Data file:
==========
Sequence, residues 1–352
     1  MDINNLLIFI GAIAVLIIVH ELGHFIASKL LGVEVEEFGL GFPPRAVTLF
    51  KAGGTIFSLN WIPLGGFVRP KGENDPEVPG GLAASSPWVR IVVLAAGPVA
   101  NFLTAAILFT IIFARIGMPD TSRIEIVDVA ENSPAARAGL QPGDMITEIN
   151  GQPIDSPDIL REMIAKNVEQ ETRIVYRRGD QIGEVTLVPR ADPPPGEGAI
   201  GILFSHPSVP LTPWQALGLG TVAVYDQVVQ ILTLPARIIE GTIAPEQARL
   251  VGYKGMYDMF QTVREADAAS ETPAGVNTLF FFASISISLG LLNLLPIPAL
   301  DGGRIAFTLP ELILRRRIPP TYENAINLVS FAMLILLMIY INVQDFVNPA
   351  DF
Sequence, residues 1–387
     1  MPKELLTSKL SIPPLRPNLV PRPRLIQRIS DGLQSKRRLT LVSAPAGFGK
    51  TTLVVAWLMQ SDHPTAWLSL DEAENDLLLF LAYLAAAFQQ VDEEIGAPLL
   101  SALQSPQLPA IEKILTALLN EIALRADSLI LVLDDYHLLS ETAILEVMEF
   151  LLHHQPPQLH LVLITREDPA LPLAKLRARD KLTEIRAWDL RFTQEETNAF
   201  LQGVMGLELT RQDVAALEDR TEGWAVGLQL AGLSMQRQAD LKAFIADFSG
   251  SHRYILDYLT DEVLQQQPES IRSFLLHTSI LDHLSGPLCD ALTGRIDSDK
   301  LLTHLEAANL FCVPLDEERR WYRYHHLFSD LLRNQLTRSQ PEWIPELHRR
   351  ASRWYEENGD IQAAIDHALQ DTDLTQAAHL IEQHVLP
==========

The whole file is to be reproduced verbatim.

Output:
Sequence, residues 1–352
     1  MDINNLLIFI GAIAVLIIVH ELGHFIASKL LGVEVEEFGL GFPPRAVTLF
    51  KAGGTIFSLN WIPLGGFVRP KGENDPEVPG GLAASSPWVR IVVLAAGPVA
   101  NFLTAAILFT IIFARIGMPD TSRIEIVDVA ENSPAARAGL QPGDMITEIN
   151  GQPIDSPDIL REMIAKNVEQ ETRIVYRRGD QIGEVTLVPR ADPPPGEGAI
   201  GILFSHPSVP LTPWQALGLG TVAVYDQVVQ ILTLPARIIE GTIAPEQARL
   251  VGYKGMYDMF QTVREADAAS ETPAGVNTLF FFASISISLG LLNLLPIPAL
   301  DGGRIAFTLP ELILRRRIPP TYENAINLVS FAMLILLMIY INVQDFVNPA
   351  DF
Sequence, residues 1–387
     1  MPKELLTSKL SIPPLRPNLV PRPRLIQRIS DGLQSKRRLT LVSAPAGFGK
    51  TTLVVAWLMQ SDHPTAWLSL DEAENDLLLF LAYLAAAFQQ VDEEIGAPLL
   101  SALQSPQLPA IEKILTALLN EIALRADSLI LVLDDYHLLS ETAILEVMEF
   151  LLHHQPPQLH LVLITREDPA LPLAKLRARD KLTEIRAWDL RFTQEETNAF
   201  LQGVMGLELT RQDVAALEDR TEGWAVGLQL AGLSMQRQAD LKAFIADFSG
   251  SHRYILDYLT DEVLQQQPES IRSFLLHTSI LDHLSGPLCD ALTGRIDSDK
   301  LLTHLEAANL FCVPLDEERR WYRYHHLFSD LLRNQLTRSQ PEWIPELHRR
   351  ASRWYEENGD IQAAIDHALQ DTDLTQAAHL IEQHVLP